BY JAMIE TALAN
KANSAS CITY, MO—Constraint-induced movement therapy (CIMT) — a therapy that has been found to strengthen weakened arms after stroke — can help children with cerebral palsy (CP) gain functions, as well, but few of the pediatric neurologists surveyed in the US were aware of its potential benefits.
These findings, presented here at the Child Neurology Society annual meeting last week, underscore the need for improved training, access, and dissemination of research on evidence-based therapies for CP, the research team that conducted the survey told the Neurology Today Conference Reporter.
"Many physicians who treat children with cerebral palsy are not aware of the research into treatments that could help their patients gain strength and function in their arm," said the lead author Sharon L. Ramey, PhD, professor of psychology, psychiatry, neuroscience and human development at Virginia Tech Carilion School of Medicine and Research Institute.
Dr. Ramey has been studying the benefits of CIMT and bimanual therapies for infants and children with CP.
Working with Margaret Nelson, a medical student at Virginia Tech Carilion School of Medicine, Dr. Ramey sent a 26-point online questionnaire to hundreds of pediatric neurologists to assess their knowledge of evidence-based therapies for CP.
The investigators found that only 21 percent of the approximately 70 respondents knew that CIMT and bimanual therapies were effective treatments for children with CP older than two years old. More than two-thirds of the respondents (70 percent) said that the field would benefit from an online research library to learn more about evidence-based treatments. And an equal number of physicians said that the field needs more training in identifying patients who would benefit from these therapies. Almost 60 percent of physicians who have heard of these therapies said that they don't prescribe them because there are not enough trained therapists in their area to deliver the training.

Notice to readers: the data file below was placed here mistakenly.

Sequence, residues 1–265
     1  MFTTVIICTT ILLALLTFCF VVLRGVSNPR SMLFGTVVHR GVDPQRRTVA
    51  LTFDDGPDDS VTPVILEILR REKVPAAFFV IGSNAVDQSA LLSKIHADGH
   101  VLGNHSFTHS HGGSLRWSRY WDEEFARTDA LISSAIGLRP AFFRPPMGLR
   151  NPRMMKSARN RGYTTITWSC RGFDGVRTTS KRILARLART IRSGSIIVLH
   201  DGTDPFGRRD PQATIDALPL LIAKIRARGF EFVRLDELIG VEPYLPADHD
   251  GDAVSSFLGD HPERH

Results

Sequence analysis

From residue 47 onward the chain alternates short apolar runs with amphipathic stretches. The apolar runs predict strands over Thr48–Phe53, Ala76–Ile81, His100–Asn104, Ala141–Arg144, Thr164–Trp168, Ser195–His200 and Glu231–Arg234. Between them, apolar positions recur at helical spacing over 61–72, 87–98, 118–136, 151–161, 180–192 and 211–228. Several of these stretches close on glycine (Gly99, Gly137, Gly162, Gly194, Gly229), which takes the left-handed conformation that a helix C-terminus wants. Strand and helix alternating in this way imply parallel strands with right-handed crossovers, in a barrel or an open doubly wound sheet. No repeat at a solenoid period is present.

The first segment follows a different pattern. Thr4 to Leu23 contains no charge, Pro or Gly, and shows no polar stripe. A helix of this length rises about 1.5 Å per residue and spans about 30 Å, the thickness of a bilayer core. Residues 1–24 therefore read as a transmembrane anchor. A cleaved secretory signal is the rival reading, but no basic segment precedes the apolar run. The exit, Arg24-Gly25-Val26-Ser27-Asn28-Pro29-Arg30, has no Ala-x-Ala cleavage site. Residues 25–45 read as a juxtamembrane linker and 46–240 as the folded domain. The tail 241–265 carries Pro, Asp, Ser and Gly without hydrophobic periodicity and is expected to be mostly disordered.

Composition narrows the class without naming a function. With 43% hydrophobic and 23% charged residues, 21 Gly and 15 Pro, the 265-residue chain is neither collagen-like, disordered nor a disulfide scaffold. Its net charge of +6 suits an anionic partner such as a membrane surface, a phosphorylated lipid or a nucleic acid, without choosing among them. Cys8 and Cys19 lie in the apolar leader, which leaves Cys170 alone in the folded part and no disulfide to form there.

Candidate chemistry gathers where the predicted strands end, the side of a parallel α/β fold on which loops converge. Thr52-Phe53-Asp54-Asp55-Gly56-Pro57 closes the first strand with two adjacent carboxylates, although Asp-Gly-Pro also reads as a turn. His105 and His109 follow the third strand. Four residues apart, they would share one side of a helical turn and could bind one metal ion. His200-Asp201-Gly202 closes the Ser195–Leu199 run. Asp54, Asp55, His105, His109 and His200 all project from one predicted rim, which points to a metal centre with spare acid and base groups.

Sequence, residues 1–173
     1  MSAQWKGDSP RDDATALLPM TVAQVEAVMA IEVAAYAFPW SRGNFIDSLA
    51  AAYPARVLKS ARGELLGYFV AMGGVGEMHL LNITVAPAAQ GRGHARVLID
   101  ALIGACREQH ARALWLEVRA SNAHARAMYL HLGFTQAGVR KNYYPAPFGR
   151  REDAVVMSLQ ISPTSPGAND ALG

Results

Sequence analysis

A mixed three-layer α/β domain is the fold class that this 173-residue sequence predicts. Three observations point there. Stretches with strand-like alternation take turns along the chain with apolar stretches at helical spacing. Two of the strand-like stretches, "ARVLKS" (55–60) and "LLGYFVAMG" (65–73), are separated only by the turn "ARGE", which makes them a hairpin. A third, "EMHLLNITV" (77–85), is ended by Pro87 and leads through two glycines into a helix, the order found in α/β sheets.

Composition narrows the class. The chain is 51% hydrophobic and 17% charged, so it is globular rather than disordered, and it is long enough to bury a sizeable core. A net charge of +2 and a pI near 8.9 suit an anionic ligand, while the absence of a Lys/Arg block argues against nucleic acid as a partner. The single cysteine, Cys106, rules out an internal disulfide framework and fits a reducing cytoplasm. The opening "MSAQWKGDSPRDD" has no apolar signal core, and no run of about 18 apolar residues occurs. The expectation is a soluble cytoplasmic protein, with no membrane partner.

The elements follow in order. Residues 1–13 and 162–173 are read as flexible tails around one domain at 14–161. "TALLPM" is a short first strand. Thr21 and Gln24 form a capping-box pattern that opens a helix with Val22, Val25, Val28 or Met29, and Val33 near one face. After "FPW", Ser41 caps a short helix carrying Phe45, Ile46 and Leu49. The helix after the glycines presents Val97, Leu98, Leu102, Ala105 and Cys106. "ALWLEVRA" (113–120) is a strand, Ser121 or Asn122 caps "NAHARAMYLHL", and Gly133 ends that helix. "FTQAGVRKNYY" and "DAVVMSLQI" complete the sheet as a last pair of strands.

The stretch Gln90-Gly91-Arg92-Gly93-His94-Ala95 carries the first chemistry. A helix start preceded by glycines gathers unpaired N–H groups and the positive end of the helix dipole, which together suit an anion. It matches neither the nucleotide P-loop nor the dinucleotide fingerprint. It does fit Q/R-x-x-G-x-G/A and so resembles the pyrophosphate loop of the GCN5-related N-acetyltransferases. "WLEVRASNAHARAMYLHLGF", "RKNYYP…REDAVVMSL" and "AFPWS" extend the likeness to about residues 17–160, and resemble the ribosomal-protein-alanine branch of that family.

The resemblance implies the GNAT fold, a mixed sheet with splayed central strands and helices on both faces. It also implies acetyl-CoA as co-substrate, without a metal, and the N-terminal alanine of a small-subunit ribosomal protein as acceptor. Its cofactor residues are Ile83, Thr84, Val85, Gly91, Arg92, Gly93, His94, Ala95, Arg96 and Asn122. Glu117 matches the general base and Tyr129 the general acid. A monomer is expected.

CIMT requires the use of a lightweight cast (from the shoulder to the fingertips) on the good arm so that the child can strengthen the weakened arm and begin to find success in carrying out tasks. The intensive therapy is done three hours a day for five days a week over a month.
"CP can result from many medical problems but a major cause is prenatal stroke," Dr. Ramey said. "Many people think that infants born with CP or that have a neonatal stroke will have permanent damage and won't improve much, if at all. That is just not the case. They have tremendous neuroplasticity that allows them to improve a lot, especially at an early age."
CIMT therapy is specialized and very different from the more general occupational or physical therapy that a pediatric neurologist might prescribe, she added. "We now know that people can overcome or minimize their disability with this training."
Commenting on the study, Warren Lo, MD, clinical professor of pediatrics and neurology at Ohio State University and Nationwide Children's Hospital in Columbus, said: "There is a notion that people with an injury to the brain learn how to use their good side and stop using their bad side. We now know we can coach children to use the bad side, and they get better at doing that."
Dr. Lo, who was not involved with this study, is now collaborating on other studies with the Virginia Tech researchers. "I am a believer in the value of this. It is tricky to get it accomplished, though. It takes a lot of skilled training and time. We need to figure out how much is necessary for a child to benefit."
LINK UP FOR RELATED INFORMATION:
DeLuca SC, Trucks MR, Wallace DA, Ramey SL. Practice-based evidence from a clinical cohort that received pediatric constraint-induced movement therapy. J Pediatr Rehabil Med 2017;10(1): 37-46.
Rostami HR, Malamiri RA. Effect of treatment environment on modified constraint-induced movement therapy results in children with spastic hemiplegic cerebral palsy: A randomized controlled trial. Disabil Rehabil 2012;34(1):40-44.